Files show Assange sought Russian visa

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A huge trove of WikiLeaks records shows the website’s founder Julian Assange sought a Russian visa as his troubles mounted.

He had just pulled off one of the biggest scoops in journalistic history, laying American diplomacy bare, but technology firms were cutting ties to his website, cable news pundits were calling for his head and a Swedish sex crime case was threatening to put him behind bars.

At that stage in 2010 the Australian wrote to the Russian Consulate in London.

“I, Julian Assange, hereby grant full authority to my friend, Israel Shamir, to both drop off and collect my passport, in order to get a visa,” said the letter, obtained exclusively by the Associated Press.

Julian Assange on the balcony of the Ecuadorian Embassy in London
Julian Assange on the balcony of the Ecuadorian Embassy in London (Dominic Lipinski/PA)

The files provide an intimate look at the radical transparency organisation and an early hint of Mr Assange’s budding relationship with Moscow.

The ex-hacker’s links to the Kremlin would become increasingly salient before the 2016 US presidential election, when the FBI says Russia’s military intelligence agency directly supplied WikiLeaks with stolen emails from Hillary Clinton’s campaign chairman and other Democratic figures.

In a statement posted to Twitter, WikiLeaks said Mr Assange never applied for the visa or wrote the letter, naming a former associate of his as the alleged source of the document.

WikiLeaks has repeatedly been hit by unauthorised disclosures, but the tens of thousands of files obtained by the AP may be the biggest leak yet.

The AP has confirmed the authenticity of many of the documents by running them by five former WikiLeaks associates or by verifying non-public details such as bank accounts, telephone numbers or airline tickets.

One of the former associates, an ex-employee, identified two of the names that frequently appeared in the documents’ metadata – “Jessica Longley” and “Jim Evans Mowing” – as pseudonyms assigned to two WikiLeaks laptops.

All five former associates spoke to the AP on condition of anonymity, in some cases because they did not want their past association with WikiLeaks to become public, and in others because they feared legal retaliation or harassment from the group’s supporters.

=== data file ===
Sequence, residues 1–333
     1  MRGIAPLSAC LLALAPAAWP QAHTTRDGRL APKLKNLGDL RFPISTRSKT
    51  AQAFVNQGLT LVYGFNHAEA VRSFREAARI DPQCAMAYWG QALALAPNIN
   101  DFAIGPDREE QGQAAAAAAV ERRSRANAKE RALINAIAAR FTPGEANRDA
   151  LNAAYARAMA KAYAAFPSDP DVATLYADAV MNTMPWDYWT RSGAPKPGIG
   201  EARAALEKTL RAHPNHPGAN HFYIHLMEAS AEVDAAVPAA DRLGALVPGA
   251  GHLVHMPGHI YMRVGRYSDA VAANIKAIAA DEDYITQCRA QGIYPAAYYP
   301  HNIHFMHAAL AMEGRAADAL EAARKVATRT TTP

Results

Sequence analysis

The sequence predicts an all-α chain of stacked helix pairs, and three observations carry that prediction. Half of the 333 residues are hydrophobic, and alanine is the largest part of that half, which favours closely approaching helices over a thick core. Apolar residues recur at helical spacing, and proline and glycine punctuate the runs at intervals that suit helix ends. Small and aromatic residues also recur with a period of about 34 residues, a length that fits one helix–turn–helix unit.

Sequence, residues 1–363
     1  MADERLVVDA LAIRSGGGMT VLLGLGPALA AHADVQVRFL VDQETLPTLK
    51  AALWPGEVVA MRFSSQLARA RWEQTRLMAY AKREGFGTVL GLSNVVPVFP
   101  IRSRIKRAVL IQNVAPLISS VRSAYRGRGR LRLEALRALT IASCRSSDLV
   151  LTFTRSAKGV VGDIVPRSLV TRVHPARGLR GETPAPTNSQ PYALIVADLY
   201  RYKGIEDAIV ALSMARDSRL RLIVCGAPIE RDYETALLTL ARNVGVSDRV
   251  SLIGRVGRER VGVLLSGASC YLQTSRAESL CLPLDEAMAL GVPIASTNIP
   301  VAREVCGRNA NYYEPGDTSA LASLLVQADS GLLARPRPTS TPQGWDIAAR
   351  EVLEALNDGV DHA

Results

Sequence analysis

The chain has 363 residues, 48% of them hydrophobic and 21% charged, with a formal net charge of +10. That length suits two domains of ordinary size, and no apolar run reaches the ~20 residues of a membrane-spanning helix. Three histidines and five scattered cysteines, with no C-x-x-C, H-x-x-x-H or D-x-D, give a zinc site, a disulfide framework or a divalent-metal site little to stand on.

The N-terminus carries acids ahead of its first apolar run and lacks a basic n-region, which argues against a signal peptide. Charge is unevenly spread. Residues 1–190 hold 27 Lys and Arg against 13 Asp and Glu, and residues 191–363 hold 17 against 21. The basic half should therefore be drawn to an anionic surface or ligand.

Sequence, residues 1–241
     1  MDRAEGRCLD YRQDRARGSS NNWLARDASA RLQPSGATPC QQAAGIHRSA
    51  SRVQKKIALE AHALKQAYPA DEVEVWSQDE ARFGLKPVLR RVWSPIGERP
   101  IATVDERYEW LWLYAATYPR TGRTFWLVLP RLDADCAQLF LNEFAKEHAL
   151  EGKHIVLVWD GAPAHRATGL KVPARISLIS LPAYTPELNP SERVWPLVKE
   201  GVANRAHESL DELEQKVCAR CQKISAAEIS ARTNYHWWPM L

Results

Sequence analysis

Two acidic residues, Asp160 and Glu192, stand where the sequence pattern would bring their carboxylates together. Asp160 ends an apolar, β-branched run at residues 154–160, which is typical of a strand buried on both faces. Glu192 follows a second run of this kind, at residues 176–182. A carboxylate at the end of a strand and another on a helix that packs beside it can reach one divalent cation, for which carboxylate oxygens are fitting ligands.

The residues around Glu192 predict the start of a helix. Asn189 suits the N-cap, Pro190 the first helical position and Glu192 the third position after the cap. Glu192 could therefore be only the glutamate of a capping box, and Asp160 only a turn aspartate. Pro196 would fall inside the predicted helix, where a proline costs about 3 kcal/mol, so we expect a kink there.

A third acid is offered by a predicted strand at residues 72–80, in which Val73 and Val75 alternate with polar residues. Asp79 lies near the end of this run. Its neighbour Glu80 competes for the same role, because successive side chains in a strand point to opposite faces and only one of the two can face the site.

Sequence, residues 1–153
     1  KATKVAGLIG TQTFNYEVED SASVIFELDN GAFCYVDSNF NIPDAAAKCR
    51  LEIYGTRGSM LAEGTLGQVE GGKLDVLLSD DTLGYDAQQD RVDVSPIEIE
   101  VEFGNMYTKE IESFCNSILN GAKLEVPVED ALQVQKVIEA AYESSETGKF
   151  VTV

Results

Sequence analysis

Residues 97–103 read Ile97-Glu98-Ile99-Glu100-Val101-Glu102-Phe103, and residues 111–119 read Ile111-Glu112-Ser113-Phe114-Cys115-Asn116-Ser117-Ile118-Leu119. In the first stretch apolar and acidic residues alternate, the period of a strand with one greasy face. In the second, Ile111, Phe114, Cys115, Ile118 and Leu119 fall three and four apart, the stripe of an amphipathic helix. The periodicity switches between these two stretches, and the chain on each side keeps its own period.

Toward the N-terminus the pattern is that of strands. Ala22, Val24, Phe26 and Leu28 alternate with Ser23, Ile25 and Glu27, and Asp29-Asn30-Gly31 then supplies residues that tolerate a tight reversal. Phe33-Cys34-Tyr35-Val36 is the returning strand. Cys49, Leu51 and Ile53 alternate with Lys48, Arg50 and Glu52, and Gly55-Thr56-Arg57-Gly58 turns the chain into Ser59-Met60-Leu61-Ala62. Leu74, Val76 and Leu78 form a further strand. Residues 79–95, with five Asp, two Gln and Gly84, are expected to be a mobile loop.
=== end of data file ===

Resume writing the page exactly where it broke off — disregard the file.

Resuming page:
Among other things, the documents lay out Mr Assange’s campaign to avoid being arrested and extradited to Sweden over allegations that he sexually molested one woman and raped another during a trip to the country in August 2010.

He has always denied wrongdoing in the case, which he cast as a prelude to extradition to the US.

The Swedish prosecution jeopardised what at the time was WikiLeaks’ biggest disclosure: the publication of around 250,000 US State Department cables.

Swedish authorities issued a warrant for his arrest on November 18, 10 days before the cables exploded across the web, with bombshell revelations about drone strikes in Yemen, American spying at the UN and corruption across the Arab world.

Italy’s then-foreign minister, Franco Frattini, described the release as the “September 11 of world diplomacy”. Enraged American politicians demanded Mr Assange be treated like a terrorist.

Metadata suggests it was on November 29, the day after the release of the first batch of US State Department files, that the letter to the Russian Consulate was drafted on the Jessica Longley computer.

The AP could not confirm whether or when the message was delivered, but the choice of Mr Shamir as a go-between was significant.

Mr Assange’s involvement with Mr Shamir, a fringe intellectual who once said it was the duty of every Christian and Muslim to deny the Holocaust, would draw indignation when it became public.

Mr Shamir told the AP he was plagued by memory problems and could not remember delivering the letter or say whether he eventually got the visa.

“I can’t possibly exclude that it happened,” he said in a telephone interview. “I have a very vague memory of those things.”

His memory appeared sharper during a January 20 2011 interview with Russian News Service radio — a Moscow-based station now known as Life Zvuk, or Life Sound.

He said he had personally brokered a Russian visa for Mr Assange, but that it had come too late to rescue him from the sex crimes investigation.

Russia “would be one of those places where he and his organisation would be comfortable operating”, he said. Asked if Mr Assange had friends in the Kremlin, he smiled and said: “Let’s hope that’s the case.”

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